On the flip side, people with chronic physical illness are more likely to experience anxiety and depression. Perhaps this isn't as much of a surprise as the converse. It does seem that when screening people with physical health issues, at least in Physical Therapy practice, asking about their mental health is a standard question on the evaluation form. However, even though it may be standard, that doesn't mean it's actually being addressed as it relates to their physical recovery. I think the assumption is that once they recover physically, their mental health will follow suit.
But what if by addressing both physical AND emotional health you were able to recover BOTH more quickly with less suffering and better outcomes?
The good news is, there are so many ways to support both your physical and mental health without going to multiple care providers. In fact, the best "doctors" are the ones right outside your door. Nature's doctors...sunlight, fresh air, nature sounds, and exercise/movement.
Sunlight has been shown to impact mood more than any other environmental factor like rainfall, temperature, pollution, etc. It's a pretty easy and inexpensive way to boost your mood and physical health as well. Some physical benefits are increased immunity, hormone balance, blood pressure balance, bone health, detoxification, better sleep, blood sugar regulation, and cancer prevention. For mental health, spend 5 minutes with your "naked" eyes closed (no makeup or eyewear), out in the sun. Don't turn directly toward the sun, just be where the sunlight is on your eyes. Just that much sunlight affects your brain's production of serotonin and is an instant mood booster.
Fresh, unpolluted air benefits detoxification and can boost your mood by increasing oxygen to your brain. Pair it with deep breathing and you have a fabulous stress reliever that takes no dollars and hardly any time. One study found that after a mentally stressful event, the average time it took for blood pressure to return to normal was 3.7 minutes. With nature sounds, it took 3.0 minutes, and with deep breathing, it only took 2.7 minutes. (from "Depression, the Way Out" by Neil Nedley, M.D.)
The best time to open your windows or go outside for a breath of fresh air is after a thunderstorm. Storms not only clear out pollutants but also leave negatively charged ions behind which are highly invigorating to your whole body.
Exercise, or better yet, whole body movement, is a powerful combination stress reliever plus physical health booster. It's one of the best ways there is to combat anxiety and depression and helps prevent and reverse disease. Though any type of movement is better than none, the most effective exercise for coping with stress is one that involves using your mind such as yard work, gardening, chopping wood, or some other type of productive physical work. (from "Depression, the Way Out" by Neil Nedley, M.D.)
What about Meditation?
No doubt you've heard meditation is a great way to help cope with stress. But there is more than one form of meditation. The one we most often hear about, Eastern meditation, is a form of escapism, or trying to cope with reality by escaping it, and puts the brain in a very passive, and influenceable state. Similar to hypnosis, the pattern of brain waves, called alpha waves, indicate there is very little frontal lobe (where reasoning happens) activity. So while meditation can be relaxing at the time, it does not help you constructively deal with stressors. It merely offers a temporary escape from reality. And since it actually "shuts off" your reasoning capabilities, it can also open one up to negative influences and mind control.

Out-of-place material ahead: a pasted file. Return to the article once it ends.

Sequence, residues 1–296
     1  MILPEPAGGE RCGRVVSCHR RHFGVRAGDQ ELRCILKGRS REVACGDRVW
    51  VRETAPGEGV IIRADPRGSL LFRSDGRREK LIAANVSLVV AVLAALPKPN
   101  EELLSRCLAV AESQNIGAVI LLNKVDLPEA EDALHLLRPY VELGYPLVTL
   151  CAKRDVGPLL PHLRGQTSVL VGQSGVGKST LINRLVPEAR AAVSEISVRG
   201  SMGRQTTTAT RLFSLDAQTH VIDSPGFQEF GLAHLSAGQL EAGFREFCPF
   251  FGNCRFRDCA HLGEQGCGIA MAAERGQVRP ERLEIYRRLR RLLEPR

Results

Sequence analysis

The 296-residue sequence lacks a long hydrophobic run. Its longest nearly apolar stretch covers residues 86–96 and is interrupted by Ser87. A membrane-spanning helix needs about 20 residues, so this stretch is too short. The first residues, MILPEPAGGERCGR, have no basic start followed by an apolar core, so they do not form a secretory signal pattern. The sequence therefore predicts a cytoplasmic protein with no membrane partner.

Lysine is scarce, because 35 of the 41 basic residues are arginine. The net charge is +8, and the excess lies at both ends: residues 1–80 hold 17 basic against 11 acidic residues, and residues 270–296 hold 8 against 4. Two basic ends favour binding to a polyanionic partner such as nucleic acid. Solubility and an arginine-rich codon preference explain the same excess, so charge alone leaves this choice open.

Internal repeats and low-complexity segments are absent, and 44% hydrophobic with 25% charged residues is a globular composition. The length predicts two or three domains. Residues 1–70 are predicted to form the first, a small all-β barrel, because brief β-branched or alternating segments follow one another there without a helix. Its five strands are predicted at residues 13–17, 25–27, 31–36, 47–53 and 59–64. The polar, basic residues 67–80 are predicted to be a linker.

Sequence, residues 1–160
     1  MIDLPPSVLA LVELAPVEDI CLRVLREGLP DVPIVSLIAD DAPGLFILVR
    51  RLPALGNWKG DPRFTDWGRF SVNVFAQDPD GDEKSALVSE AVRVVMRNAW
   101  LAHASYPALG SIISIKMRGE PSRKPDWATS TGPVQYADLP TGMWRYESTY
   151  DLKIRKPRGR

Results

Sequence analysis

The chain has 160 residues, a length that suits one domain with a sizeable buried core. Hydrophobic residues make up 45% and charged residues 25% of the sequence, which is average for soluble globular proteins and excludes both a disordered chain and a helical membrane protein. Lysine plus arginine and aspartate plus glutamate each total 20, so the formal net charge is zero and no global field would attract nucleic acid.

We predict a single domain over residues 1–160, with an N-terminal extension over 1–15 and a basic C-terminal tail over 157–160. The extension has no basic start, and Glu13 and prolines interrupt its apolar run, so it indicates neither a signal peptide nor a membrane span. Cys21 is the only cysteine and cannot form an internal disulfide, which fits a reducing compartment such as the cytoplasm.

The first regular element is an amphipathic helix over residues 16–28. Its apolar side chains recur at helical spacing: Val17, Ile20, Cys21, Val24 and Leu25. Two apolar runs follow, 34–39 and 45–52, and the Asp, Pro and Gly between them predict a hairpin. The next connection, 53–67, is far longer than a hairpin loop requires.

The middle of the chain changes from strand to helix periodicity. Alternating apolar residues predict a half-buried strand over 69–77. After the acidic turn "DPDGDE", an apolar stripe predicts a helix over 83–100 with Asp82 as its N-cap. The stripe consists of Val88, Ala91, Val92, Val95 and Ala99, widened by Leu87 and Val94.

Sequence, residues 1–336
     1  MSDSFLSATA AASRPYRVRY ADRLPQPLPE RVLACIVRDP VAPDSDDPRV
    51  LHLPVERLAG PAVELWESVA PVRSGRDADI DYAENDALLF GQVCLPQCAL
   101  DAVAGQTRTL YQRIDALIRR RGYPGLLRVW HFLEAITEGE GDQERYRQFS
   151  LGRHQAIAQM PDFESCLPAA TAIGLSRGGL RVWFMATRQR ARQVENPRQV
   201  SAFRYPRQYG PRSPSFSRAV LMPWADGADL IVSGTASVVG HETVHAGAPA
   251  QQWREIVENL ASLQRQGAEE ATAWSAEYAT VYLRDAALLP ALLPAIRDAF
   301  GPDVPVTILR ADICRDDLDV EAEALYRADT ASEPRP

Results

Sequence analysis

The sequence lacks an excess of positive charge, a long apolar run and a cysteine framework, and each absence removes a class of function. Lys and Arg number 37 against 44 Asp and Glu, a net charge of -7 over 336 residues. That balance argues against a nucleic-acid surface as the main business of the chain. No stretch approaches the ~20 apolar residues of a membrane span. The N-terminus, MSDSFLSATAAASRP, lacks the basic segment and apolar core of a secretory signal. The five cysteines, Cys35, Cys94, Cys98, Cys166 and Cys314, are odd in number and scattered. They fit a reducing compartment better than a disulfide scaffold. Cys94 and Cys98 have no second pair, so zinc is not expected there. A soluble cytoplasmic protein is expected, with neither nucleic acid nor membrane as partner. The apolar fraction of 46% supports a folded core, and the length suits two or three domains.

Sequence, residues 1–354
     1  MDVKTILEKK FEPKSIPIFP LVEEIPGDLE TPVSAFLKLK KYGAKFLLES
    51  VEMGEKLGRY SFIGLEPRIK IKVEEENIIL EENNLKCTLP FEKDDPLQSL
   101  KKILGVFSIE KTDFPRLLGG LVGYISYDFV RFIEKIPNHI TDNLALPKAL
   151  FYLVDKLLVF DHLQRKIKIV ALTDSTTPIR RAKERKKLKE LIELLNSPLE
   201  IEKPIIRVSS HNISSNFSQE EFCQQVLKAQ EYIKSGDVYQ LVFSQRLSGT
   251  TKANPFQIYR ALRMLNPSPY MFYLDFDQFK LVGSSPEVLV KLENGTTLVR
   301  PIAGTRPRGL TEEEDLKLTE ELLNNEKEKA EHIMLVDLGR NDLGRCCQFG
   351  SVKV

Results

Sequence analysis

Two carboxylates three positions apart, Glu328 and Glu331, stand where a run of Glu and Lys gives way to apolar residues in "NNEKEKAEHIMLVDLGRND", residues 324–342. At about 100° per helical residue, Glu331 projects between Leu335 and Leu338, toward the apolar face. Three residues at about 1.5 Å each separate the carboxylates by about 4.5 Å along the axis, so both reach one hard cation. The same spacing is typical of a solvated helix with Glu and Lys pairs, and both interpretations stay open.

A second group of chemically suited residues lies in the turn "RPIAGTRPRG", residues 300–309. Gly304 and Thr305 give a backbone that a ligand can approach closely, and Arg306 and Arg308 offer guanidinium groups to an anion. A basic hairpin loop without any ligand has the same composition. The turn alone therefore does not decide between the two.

On the other hand, Christian meditation, which involves prayer and meditating on God's word, actually increases frontal lobe activity (Beta waves. Yet, even with this increased activity, it has been shown to be deeply relaxing and carry over to coping with stressors in a constructive way. (from "Depression, the Way Out" by Neil Nedley, M.D.)
Of course this is just the tip of the iceberg. There are many other excellent natural ways that address not only physical but mental health. Not the least of which is good nutrition and gut health.
Plus specific exercises (what I like to call Nourishing Moves) to help release tension and relieve pain. I shared a fabulous Nourishing Move coupled with Christian meditation in my last Well Wishes Newsletter (sign up here). If you missed it, shoot me an email and I'll send it right over.
So if you've been struggling with a physical issue that doesn't go away or keeps coming back, take a look at your mental health and life stressors. Chances are, they are contributing in a major way to what's going on with your physical health. And please don't hesitate to reach out for help. If you have tried a few things on your own and things aren't improving or keep getting worse, find someone to help support you.
Just know that what you're feeling is absolutely valid. And if you have noticed your physical and mental health seem to overlap, you are spot on (and not crazy)!
Please note: This is not medical advice but for educational purposes only. I am not a mental health professional so cannot treat you for mental health issues. However, the lifestyle medicine approach has been shown to effectively improve both physical and mental health so if you would like therapeutic lifestyle guidance, reach out and I'd be happy to help.